Barbara and Roberto Kaminitz
‘Believers’ in the Weizmann Institute over 32 years
People behind the science
Barbara and Roberto Kaminitz
At 65 Ha’Neviim Street in the heart of Jerusalem, near Jaffa Road, sits a low-slung stone building, dwarfed by the city’s smorgasbord of structures, but—like many ancient edifices in Jerusalem—it also hints at a more illustrious moment in time in which the building experienced its heyday. The said building is the former Kaminitz Hotel, the first hotel outside the Old City walls, and it was once indeed a luxurious residence for famed international travelers, businesspeople, and world leaders more than a century ago.
The owner of the hotel was Eliezer Lipman Kaminitz, who later sold it, and the next generations of his family moved to Brazil. His grandson, Armando, raised his family in Uruguay and later moved to São Paulo, Brazil. He and his wife Eva Kaminitz were early donors to the Weizmann Institute, and they remained deeply connected to Israel. The family continued to relish the lore of the old Kaminitz Hotel.
Their son, Roberto Kaminitz, who lives in São Paulo, created a new connection to Israel when he established the Brazil Association of Friends of the Weizmann Institute of Science in the 1980s. Today, more than 30 years later, he and his wife Barbara remain major supporters and close friends of the Institute, and he says he is proud to have witnessed the growth and flourishing of the Brazilian Friends.
In 1988, Roberto hosted a visit in his home of a delegation from the Weizmann Institute, including the newly elected President at the time, Prof. Haim Harari, and former Weizmann President Prof. Michael Sela. At a dinner that included Israel’s consul general to Brazil and many prominent guests, Prof. Sela asked Roberto to establish a society of friends in Brazil.
“I agreed, because who can say ‘no’ to two Weizmann presidents?” Roberto asks rhetorically. “And my father was a believer in the Weizmann Institute. Very quickly, I became a believer too. I believe in Weizmann because it is good for the world, and it shows the strength of Israel to the world. This is a different picture of Israel than the one we see in the media. Weizmann is the real Israel.”
One of the success stories of the Brazil Friends in its early years—and until today—is the large number of high school graduates who apply annually for the Bessie F. Lawrence International Summer Science Institute, a month-long program held every July on the Weizmann campus. Hundreds of Brazilian candidates apply every year, most of them are not Jewish and have no prior connection to Israel. “These students come back from Weizmann and become informal ambassadors for Israel and for Weizmann for the rest of their lives,” he notes. “Their impact is felt across Brazilian science and society.”
Among numerous other gifts to the Institute, Roberto, who is also a member of the International Board, gave generously to support the Weizmann-Brazil Tumor Bank within the Moross Integrated Cancer Center, an initiative that was spearheaded by Brazil Association President Mario Fleck and was embraced by many friends.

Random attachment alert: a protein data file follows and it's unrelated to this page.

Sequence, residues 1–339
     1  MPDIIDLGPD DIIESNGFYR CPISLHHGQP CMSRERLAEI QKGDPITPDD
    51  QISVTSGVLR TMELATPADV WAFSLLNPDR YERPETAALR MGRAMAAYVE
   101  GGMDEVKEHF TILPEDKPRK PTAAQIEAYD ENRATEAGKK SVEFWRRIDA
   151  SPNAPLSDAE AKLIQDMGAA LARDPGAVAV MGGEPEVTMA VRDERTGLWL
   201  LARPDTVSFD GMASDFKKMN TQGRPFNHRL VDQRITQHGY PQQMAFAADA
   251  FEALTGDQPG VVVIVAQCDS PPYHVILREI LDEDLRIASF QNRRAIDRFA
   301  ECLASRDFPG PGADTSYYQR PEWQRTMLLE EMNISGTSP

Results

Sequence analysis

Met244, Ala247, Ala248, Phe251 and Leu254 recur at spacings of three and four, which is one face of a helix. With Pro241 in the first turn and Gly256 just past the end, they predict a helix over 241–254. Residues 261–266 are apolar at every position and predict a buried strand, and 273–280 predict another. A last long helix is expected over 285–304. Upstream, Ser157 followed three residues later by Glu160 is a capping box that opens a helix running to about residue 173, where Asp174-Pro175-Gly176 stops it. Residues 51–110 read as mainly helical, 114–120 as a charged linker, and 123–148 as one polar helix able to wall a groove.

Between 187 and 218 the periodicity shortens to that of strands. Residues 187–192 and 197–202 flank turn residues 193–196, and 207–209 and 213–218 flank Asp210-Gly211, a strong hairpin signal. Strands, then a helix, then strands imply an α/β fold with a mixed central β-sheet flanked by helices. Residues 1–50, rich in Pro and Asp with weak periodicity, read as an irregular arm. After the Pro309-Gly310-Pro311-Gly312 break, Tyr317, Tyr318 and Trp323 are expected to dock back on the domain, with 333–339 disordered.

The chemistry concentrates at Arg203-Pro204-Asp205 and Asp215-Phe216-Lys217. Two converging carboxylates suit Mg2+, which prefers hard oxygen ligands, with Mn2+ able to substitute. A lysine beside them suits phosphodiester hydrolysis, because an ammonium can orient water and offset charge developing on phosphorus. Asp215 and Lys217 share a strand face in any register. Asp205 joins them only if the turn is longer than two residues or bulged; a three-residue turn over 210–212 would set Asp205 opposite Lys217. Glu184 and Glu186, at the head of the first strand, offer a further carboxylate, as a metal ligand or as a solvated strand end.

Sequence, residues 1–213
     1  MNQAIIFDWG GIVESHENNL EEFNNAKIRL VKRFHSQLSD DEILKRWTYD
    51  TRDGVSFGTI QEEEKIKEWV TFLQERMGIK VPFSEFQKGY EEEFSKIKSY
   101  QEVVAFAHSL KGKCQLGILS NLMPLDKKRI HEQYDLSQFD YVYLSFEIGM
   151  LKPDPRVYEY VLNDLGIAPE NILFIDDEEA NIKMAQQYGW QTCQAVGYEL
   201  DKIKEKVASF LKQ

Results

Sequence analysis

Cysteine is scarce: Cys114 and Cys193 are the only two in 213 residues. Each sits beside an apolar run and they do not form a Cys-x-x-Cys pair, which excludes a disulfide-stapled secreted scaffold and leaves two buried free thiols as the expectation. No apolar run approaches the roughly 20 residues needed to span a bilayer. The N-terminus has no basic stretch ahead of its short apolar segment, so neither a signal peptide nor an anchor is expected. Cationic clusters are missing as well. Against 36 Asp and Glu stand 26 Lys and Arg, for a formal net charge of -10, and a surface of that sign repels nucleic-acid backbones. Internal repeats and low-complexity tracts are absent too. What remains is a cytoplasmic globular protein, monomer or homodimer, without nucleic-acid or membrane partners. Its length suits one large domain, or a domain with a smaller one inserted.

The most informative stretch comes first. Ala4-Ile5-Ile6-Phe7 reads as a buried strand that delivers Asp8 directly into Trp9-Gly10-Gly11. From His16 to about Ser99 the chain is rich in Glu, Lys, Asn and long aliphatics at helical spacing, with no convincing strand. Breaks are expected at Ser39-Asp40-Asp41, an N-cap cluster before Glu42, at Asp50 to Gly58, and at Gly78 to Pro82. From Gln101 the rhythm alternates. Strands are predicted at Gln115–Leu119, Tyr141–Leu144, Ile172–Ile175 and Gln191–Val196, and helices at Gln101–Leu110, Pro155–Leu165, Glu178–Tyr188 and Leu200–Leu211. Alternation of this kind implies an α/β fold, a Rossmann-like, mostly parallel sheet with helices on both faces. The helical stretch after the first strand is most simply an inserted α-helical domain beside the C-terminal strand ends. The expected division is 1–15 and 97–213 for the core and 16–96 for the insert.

Today, Roberto believes that the role of the Weizmann Institute is more critical than ever. “Fifty years ago, if one worked hard and got an education, he or she found success. Today, hard work and any education are not good enough: You must have a top-level education in order to compete and make a difference. The important thing now is nurturing the young generation, and making sure that the world truly understands the contribution of Israeli science and high-tech to the lives of everyone on the planet. As I see it, the best route to advancing those goals is through Weizmann—because Weizmann is a seed that—if you water it and take care of it—will blossom and grow and lead to great things.”
A hospitable piece of family history
The Kaminitz family owned European-style boutique hotels throughout pre-state Israel, in Hebron, Jaffa, Jericho, Jerusalem, and Petah Tikva. In 1883, Eliezer Lipman Kaminitz, Roberto Kaminitz’s great-grandfather, transferred the Jerusalem hotel that his family had established outside Jaffa Gate—the first hotel outside the Old City walls—to a new location on Jaffa Street. He planted a garden and paved a path for horse-drawn carriages to pull into from the road. The hotel hosted tourists from abroad and lavish weddings.
Among its famous guests was Theodor Herzl, the father of modern Zionism. Herzl checked into the hotel on October 28, 1898, to meet with German Emperor Kaiser Wilhelm II during a visit to Palestine. The hotel was moved once again in 1908, back to the Jaffa Gate area, into a larger building. Baron Edmond James de Rothschild stayed at that location of the hotel in 1914. At the outbreak of World War I, the hotel was confiscated by the Turks, who turned it into a post office.
Today it stands empty but slated for historic preservation, and pictures of the building adorn the walls of Roberto Kaminitz’s home.
“Jerusalem remains in my blood and Israel is far away but at the same time very close by,” says Roberto. “I heard stories from my father about the splendid Kaminitz Hotel, and even after it was sold, I felt a piece of my family will always be in Jerusalem.”
The Kaminitz family boutique hotels